What you need to know:
- State Minister for Primary Healthcare says government is focusing on vaccination to allow the reopening of the economy.
The State Minister for Primary Healthcare, Ms Margaret Muhanga, has said Uganda is not considering imposing a travel ban on Southern Africa countries because of the new Omicron Covid-19 variant.
Many countries from the Global North, including the European Union and the United States of America, have slapped travel bans or placed distinct restrictions on passengers from more than six Southern Africa countries because of the Omicron variant, according to media reports.
The affected countries include Namibia, Zimbabwe, Botswana, Lesotho, Malawi, Mozambique, South Africa and Eswatini.
Ms Muhanga told Daily Monitor that the restrictions are a “xenophobia” against Africa that must stop.
“The [Omicron] variant is even already in Europe and America. Closing [Southern Africa countries] out is equivalent to doing nothing. Even today, the rate at which Covid-19 is spreading around Europe is more than South Africa,” she said.
Data from the reference website Worldometer indicates that on Saturday, South Africa registered eight new deaths and 3,220 new infections. Germany on the other hand had 170 new deaths and 49,000 new cases in the same period. It is hardly an anomaly in Europe as the continent is grappling with a deadly wave of the pandemic. Experts have attributed the wave to the cold winter season, low adherence to preventive measures and inadequate vaccination.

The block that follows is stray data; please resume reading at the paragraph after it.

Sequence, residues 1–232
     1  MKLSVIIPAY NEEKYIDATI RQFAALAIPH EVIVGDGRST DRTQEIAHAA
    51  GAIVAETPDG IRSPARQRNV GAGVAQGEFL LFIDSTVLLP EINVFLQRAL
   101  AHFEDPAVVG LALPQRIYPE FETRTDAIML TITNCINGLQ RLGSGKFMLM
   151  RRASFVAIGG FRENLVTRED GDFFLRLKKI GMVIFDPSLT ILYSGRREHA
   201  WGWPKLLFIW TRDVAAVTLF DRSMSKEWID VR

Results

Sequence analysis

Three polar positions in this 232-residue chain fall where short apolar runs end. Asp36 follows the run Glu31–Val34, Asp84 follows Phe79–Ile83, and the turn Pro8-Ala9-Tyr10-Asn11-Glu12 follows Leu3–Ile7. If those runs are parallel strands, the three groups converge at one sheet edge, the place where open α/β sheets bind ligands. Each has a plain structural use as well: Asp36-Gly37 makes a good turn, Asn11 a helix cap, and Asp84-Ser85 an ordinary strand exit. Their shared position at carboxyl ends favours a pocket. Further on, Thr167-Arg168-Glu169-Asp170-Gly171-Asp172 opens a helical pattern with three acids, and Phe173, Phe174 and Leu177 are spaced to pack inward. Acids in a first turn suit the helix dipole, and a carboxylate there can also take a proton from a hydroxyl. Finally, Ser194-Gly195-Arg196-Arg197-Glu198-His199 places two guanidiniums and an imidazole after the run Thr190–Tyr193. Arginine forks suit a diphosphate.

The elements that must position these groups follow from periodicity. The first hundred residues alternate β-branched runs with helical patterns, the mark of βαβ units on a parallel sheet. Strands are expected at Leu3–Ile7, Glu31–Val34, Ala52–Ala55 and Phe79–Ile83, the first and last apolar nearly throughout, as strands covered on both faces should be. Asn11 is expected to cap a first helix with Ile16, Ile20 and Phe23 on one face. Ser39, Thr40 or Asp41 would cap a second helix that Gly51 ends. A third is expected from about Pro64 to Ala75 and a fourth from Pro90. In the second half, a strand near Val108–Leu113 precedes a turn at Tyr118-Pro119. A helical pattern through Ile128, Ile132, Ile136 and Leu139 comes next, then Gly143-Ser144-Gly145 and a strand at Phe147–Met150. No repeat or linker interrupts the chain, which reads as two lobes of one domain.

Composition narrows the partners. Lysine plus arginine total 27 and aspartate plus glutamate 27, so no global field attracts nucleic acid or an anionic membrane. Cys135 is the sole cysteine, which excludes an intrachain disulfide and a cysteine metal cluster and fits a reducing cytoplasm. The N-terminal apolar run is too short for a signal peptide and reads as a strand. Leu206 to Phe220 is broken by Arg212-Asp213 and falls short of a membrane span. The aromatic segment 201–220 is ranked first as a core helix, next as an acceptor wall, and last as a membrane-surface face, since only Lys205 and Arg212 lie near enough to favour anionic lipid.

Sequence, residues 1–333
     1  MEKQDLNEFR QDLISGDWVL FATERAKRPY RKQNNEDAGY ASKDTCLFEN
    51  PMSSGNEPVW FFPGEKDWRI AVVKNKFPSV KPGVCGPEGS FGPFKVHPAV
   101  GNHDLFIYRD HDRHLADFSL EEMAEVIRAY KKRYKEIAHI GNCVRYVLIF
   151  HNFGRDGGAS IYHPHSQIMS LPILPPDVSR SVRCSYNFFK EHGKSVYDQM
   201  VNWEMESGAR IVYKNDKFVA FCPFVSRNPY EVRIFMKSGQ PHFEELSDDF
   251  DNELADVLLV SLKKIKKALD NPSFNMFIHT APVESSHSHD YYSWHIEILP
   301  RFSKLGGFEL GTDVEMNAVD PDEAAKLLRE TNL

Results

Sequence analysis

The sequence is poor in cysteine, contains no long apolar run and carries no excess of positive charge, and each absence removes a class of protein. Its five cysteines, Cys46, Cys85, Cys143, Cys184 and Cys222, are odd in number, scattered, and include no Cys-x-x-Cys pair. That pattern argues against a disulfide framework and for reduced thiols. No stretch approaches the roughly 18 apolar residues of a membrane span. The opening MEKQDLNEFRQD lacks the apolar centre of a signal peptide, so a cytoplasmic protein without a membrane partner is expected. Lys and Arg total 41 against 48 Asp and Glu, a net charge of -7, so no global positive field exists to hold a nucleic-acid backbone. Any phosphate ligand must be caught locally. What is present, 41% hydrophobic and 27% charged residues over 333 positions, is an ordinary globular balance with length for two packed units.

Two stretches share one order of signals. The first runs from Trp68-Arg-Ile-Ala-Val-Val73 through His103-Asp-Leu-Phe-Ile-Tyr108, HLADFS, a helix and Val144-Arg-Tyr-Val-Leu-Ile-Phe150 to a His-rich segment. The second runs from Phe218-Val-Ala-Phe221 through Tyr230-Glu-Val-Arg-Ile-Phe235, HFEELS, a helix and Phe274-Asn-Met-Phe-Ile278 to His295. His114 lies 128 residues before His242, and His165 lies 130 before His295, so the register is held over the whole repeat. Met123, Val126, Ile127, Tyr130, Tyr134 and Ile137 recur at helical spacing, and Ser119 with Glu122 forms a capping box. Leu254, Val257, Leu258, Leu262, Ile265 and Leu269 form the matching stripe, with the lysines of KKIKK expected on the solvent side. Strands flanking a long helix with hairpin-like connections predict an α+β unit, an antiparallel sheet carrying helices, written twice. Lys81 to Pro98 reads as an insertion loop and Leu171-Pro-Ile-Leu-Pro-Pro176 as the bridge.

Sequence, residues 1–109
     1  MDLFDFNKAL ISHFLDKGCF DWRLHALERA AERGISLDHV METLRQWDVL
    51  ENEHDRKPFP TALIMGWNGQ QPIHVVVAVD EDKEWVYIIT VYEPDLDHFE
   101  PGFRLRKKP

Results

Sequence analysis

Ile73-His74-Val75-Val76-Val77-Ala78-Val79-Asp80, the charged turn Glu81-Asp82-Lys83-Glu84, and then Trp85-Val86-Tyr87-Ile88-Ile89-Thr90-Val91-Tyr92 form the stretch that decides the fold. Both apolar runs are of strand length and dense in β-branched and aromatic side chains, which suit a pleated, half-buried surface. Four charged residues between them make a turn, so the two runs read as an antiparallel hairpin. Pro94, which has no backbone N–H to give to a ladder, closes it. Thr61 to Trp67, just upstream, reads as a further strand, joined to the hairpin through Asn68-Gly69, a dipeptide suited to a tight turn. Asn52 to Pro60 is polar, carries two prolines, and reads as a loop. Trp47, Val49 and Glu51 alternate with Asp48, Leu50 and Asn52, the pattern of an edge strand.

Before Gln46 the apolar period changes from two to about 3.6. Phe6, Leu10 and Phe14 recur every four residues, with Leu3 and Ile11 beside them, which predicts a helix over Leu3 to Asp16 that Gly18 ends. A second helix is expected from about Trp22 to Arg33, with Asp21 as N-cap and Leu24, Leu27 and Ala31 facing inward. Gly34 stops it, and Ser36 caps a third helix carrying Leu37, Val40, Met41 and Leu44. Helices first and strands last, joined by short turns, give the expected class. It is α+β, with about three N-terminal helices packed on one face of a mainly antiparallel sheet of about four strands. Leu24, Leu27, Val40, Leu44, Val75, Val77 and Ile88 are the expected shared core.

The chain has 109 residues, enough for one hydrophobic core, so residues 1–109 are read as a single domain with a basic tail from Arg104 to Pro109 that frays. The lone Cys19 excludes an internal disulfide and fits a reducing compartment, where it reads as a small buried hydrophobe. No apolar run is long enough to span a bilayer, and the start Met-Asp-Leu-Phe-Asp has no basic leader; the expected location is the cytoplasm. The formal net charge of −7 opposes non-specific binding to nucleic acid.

Omicron variant has also been detected in Botswana, Israel, Hong Kong, Germany, Italy, and Belgium, among other countries, according to information from the World Health Organisation (WHO).
Ms Muhanga added that the key goal for government remains working towards fully reopening the economy.
“If [the coronavirus] keeps mutating and bringing new variants, for how long shall we be closing? People should go and get vaccinated and we reopen the economy as directed by the President,” she said.
Ms Muhanga said government scientists are locked in discussions about the Omicron variant and surveillance is ongoing to determine if it is already here.
Dr Samuel Oledo, the president of Uganda Medical Association, however, said it is prudent to slap a travel ban on Southern Africa countries with immediate effect to save Ugandans from the third wave of the pandemic.
“The [Omicron variant] that people are taking for granted is horrible,” he told Daily Monitor in an interview yesterday.
According to information from WHO, the Omicron variant presents increased risk of reinfection. Its actual impact on vaccine effectiveness and whether it causes more severe disease are yet to be determined.
Dr Richard Lessells, a South Africa-based infectious disease expert, expressed frustration at travel bans, telling Reuters that the focus should be on getting more people vaccinated in places that have struggled to access sufficient shots.
“This is why we talked about the risk of vaccine apartheid. This virus can evolve in the absence of adequate levels of vaccination,” he said.
Dr Tedros Adhanom Ghebreyesus, the WHO director general, said in a tweet last Friday: “[Omicron] has a large number of mutations, some of which are concerning.”
He added that this new development highlights the need to speed up efforts to deliver on vaccine equity.
Additional reporting from Agencies